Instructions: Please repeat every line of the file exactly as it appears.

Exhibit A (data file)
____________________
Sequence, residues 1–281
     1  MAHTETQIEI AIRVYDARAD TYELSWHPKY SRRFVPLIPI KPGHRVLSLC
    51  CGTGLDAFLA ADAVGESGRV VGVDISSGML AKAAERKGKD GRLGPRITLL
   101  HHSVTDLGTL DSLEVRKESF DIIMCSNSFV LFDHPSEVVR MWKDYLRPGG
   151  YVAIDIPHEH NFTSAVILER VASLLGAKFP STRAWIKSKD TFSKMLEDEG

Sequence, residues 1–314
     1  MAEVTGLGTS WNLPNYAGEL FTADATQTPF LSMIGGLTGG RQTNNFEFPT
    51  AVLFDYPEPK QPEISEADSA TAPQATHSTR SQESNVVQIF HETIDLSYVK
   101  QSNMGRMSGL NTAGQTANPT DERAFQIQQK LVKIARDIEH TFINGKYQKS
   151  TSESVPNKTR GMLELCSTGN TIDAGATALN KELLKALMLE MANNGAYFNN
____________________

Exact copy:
Sequence, residues 1–281
     1  MAHTETQIEI AIRVYDARAD TYELSWHPKY SRRFVPLIPI KPGHRVLSLC
    51  CGTGLDAFLA ADAVGESGRV VGVDISSGML AKAAERKGKD GRLGPRITLL
   101  HHSVTDLGTL DSLEVRKESF DIIMCSNSFV LFDHPSEVVR MWKDYLRPGG
   151  YVAIDIPHEH NFTSAVILER VASLLGAKFP STRAWIKSKD TFSKMLEDEG

Sequence, residues 1–314
     1  MAEVTGLGTS WNLPNYAGEL FTADATQTPF LSMIGGLTGG RQTNNFEFPT
    51  AVLFDYPEPK QPEISEADSA TAPQATHSTR SQESNVVQIF HETIDLSYVK
   101  QSNMGRMSGL NTAGQTANPT DERAFQIQQK LVKIARDIEH TFINGKYQKS
   151  TSESVPNKTR GMLELCSTGN TIDAGATALN KELLKALMLE MANNGAYFNN